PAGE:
Tale of Ekati takes the Wood Memorial (gr. I) over War Pass.<br><a target="blank" href="http://www.bloodhorse.com/horse-racing/photo-store?ref=http%3A%2F%2Fpictopia.com%2Fperl%2Fgal%3Fprovider_id%3D368%26ptp_photo_id%3D4084409%26ref%3Dstory">Order This Photo</a>

Tale of Ekati takes the Wood Memorial (gr. I) over War Pass.
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Ky. Derby Trail: Tale of the Colonel

What was learned from Saturday's Derby preps.

Well, we’re down to our final two major preps, the Toyota Blue Grass Stakes (gr. I) and Arkansas Derby (gr. II), with the Coolmore Lexington Stakes (gr. II) and Holy Bull Stakes (gr. III) thrown in for good measure. The question right now is: what did we learn from last Saturday’s preps?

We learned that Colonel John is the undisputed king of the California 3-year-olds. We learned that Tale of Ekati and War Pass have righted their wrongs and are back on firm ground on the Derby trail. And we learned that the Illinois Derby (gr. II) once again produced a clear-cut winner who earned the usual high Beyer Speed Figure and closed his final eighth of a mile in fast time.

Unfortunately, we also learned that Denis of Cork, through no fault of his own or trainer David Carroll, became totally disoriented on the road to Louisville and, sadly, lost his way. It proves once again that when you hire a captain, you let him steer the ship.

But with every cloud comes a silver lining, or so they say. With the Denis of Cork cloud comes a much welcome return to Churchill Downs of Louie Roussel and Ronnie Lamarque, who have stirred the Derby pot twice before with Risen Star in 1988 and Kandaly in 1994. With their colt Recapturetheglory commemorating the 20th anniversary of Risen Star’s Triple Crown adventures with a runaway victory in the Illinois Derby, we can now look forward to more fun and frivolity – such as “Louie and Ronnie’s New Orleans Crawfish Bash,” which they held for the media on the clubhouse turn in ’94; and, of course, Ronnie’s studio-recorded songs about his horses – can anyone forget “Go, Kandaly, Go” sung to the tune of Do Wah Diddy?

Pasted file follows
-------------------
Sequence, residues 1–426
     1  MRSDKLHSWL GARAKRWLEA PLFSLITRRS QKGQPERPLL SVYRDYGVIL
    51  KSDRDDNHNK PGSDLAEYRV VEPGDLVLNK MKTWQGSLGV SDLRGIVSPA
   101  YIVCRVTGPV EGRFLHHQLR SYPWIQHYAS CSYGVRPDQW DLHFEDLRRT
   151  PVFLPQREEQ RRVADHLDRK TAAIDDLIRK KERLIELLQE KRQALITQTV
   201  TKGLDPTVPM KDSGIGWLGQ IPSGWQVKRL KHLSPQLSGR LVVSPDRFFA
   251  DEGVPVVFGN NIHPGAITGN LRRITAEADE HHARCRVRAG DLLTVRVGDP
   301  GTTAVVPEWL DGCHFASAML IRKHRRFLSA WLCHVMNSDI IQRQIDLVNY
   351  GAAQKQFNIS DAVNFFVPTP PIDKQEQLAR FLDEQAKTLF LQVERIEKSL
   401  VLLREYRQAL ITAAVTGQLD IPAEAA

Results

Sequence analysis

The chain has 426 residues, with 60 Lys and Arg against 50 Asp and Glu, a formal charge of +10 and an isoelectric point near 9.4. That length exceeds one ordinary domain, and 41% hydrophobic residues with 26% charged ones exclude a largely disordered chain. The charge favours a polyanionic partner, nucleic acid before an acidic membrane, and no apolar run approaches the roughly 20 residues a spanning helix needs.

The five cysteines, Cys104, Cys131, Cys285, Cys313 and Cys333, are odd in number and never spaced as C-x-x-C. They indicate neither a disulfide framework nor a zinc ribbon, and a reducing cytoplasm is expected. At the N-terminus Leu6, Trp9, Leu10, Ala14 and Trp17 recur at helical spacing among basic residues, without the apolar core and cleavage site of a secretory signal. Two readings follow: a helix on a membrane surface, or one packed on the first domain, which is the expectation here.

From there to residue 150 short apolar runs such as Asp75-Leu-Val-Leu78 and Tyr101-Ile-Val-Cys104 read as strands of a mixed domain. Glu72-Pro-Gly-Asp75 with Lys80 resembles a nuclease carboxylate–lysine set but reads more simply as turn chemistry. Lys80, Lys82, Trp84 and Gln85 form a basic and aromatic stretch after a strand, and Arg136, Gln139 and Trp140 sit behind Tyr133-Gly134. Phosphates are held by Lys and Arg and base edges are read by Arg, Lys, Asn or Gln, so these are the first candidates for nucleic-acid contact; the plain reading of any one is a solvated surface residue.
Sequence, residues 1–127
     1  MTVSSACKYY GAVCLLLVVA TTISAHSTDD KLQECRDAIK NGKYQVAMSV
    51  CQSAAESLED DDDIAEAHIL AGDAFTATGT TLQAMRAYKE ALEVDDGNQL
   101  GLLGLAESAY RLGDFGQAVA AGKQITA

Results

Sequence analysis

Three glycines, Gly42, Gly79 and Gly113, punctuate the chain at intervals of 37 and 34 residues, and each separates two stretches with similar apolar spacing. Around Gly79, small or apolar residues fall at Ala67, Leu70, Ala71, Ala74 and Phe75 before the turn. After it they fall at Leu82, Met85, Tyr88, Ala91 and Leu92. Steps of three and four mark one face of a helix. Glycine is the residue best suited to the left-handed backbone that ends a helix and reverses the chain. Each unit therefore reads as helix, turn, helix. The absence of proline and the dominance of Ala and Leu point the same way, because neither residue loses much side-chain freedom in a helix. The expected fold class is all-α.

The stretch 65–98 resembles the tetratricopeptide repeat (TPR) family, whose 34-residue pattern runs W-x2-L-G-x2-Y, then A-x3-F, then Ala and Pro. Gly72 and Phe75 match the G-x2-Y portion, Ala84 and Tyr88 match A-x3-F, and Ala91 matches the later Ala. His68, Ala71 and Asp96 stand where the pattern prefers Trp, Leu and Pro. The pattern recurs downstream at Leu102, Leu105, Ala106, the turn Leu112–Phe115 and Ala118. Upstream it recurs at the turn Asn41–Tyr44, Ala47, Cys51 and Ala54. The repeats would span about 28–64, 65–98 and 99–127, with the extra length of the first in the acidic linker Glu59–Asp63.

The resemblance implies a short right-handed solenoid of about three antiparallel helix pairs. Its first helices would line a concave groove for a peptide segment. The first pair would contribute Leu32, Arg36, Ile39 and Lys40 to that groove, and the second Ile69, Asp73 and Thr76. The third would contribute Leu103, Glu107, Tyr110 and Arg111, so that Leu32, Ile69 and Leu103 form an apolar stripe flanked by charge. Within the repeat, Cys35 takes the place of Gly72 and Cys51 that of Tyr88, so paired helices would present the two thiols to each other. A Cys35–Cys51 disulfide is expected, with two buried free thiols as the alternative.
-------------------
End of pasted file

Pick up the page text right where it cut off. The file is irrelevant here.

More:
The star of the weekend definitely was Santa Anita Derby (gr. I) winner Colonel John, who, despite racing exclusively on a synthetic surface, looks as solid a Derby horse as we’ve seen this year. Forgetting for a minute about his having to make the transition to dirt and having only two Derby preps (something he shares with a number of top contenders this year), he has all the tools you look for in a classic horse – the stamina, the build, the toughness, the consistency, the closing kick, the temperament, and the connections. And as for having only two starts, that is misleading, as he ran Dec. 22 in the CashCall Futurity (gr. I). Add to that, both his starts this year were gut-checks, which he passed against fast, talented horses, assuring that he will have sufficient bottom and will be battle-tested.

The Santa Anita Derby was not an easy race to watch if you’re a Colonel John fan, especially when El Gato Malo went flying by him on the far turn, and then On the Virg passed him, putting him in ninth nearing the head of the stretch. One flaw he does have is that, with his big stride, it takes him a while to get in high gear. Another flaw, which he and jockey Corey Nakatani will have to work out, could be seen distinctly in the upper stretch. When Nakatani hit him numerous times left-handed, Colonel John drifted out and didn’t appear to be going anywhere. Then, when Nakatani switched and hit him right-handed, he took off in a flash, lengthening his stride noticeably, and it was that quick final surge that got him the victory.

With all that, he still managed to come home his final three-eighths in a sensational :35 1/5 (:23 1/5 and :12). Nakatani, apparently sensing that Colonel John had done his only serious running in the final sixteenth, wanted him to keep going and gallop out strong. He waved the whip at him crossing the wire, and then gave him a tap on the shoulder with the handle of the whip before pulling on his left rein and snapping the right rein against the colt’s shoulder. As a result, Colonel John was able to run through the wire and continue on at a decent clip without easing to the outside, as many horses will do when galloping out. It was a clever move by Nakatani, who has to make sure the colt doesn’t put himself in that position again in the Derby. He’ll have to quicken earlier, and can’t afford to let horses whiz by him at the three-eighths pole. That’s how you become swallowed up by the cavalry charge. And drifting out the way he did after turning for home is a no-no, so one would think we’ll see more right-handed whipping than left next time.